Nothing I could have imagined would have prepared me for Kokoro 52…. I was pushed further and harder than I have ever been pushed before, I developed a deep camaraderie with men who were strangers to me hours only before, I hardened myself in ways that would have been impossible outside of this environment, and I was pushed to and through my break point again and again and again. Hooyah!
We began at 10am on Friday. Of the 30 of us who signed up, 25 of us showed up. 5 down before we had even begun.
As we nervously milled about, getting to know one another, an absolute specimen of man approached us and began barking instructions and warnings.
“Stay hydrated men, many have been hospitalized for lack of hydration. Always stay within 6 feet of your swim buddy, we will be doing dangerous things – this is for your own safety. You are your team – this event is not about yourself, the more your give, the more you’ll get. This event is punishing, I expect only 30 percent of you will complete.” Encouraging words to start the day.
We were off on our first evolution. 40 pound rucks carried approximately 2 miles to the “Grinder,” where the “Breakdown” would begin. 20 minutes or so into the hike, one gentleman began to struggle to keep up. Yikes, this guy was in trouble!
The breakdown began around 11am… 6 massive ex- navy seals ran out at us barking orders and creating panic and confusion amongst us. Buckets of ice water were thrown on us, and we were sprayed in the face by a hose as we conducted push-ups, flutter kicks, bear crawls, overhead squats and burpees. The ex-seals wrestled our weapons away and tossed them making us bear crawl to our weapons and into an ice bath. Welcome to Kokoro! One guy had a deer in headlights look after 45 minutes… not looking good for him. I don’t think he really knew what he got himself into. He may have lasted another hour or so…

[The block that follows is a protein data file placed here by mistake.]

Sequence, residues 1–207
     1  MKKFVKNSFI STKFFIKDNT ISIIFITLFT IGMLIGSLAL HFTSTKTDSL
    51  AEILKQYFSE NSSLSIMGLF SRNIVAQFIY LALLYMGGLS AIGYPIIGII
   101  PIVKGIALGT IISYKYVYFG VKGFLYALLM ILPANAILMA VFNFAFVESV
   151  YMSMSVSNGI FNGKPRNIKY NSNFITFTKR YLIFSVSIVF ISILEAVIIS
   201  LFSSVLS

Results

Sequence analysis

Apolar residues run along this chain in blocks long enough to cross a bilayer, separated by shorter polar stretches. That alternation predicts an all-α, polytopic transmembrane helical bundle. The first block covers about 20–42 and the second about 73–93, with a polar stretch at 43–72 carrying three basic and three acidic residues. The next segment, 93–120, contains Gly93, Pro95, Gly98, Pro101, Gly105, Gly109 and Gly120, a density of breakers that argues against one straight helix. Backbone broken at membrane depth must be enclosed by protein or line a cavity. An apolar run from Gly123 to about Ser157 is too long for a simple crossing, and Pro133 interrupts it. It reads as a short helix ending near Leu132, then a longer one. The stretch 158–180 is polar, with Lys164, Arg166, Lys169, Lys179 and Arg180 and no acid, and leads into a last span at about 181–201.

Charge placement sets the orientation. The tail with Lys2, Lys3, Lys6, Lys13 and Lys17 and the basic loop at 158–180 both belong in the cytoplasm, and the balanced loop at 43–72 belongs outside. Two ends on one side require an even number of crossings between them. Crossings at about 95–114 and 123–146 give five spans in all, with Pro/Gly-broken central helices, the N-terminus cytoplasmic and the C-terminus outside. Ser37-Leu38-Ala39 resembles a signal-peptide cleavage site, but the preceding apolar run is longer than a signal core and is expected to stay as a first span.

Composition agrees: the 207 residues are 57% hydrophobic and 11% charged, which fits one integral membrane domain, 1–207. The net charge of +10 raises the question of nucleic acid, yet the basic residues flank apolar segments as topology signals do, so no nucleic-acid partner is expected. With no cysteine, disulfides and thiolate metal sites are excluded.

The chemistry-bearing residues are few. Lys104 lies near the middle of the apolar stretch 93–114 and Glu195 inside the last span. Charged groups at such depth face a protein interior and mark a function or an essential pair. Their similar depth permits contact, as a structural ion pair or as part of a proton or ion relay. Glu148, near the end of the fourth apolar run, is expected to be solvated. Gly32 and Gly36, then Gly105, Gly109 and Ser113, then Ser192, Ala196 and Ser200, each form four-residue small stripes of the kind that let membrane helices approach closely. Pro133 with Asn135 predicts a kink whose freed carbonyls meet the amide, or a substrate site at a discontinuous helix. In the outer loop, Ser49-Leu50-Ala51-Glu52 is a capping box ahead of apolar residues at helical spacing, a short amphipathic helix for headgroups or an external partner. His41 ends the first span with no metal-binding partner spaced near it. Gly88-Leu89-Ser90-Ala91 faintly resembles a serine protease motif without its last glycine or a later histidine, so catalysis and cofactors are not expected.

Drill counts, formations, rotating group leaders. Water sprays on the face, more ice baths. More drills. We must have been drilling for 3 hours or so at this point. Are we having fun yet?
Abraham, I hear you can do 30 strict pull-ups in a row. Where did this guy get his information from?
“Well, I never said strict… “
“So, you’re telling me you’re a liar”
“Well no, I didn’t say that, either”.
“Fellas, we have a liar on our hands here,” he belted to the group “let’s see how many pull-ups you do during the Physical Standards Test,” he grinned at me.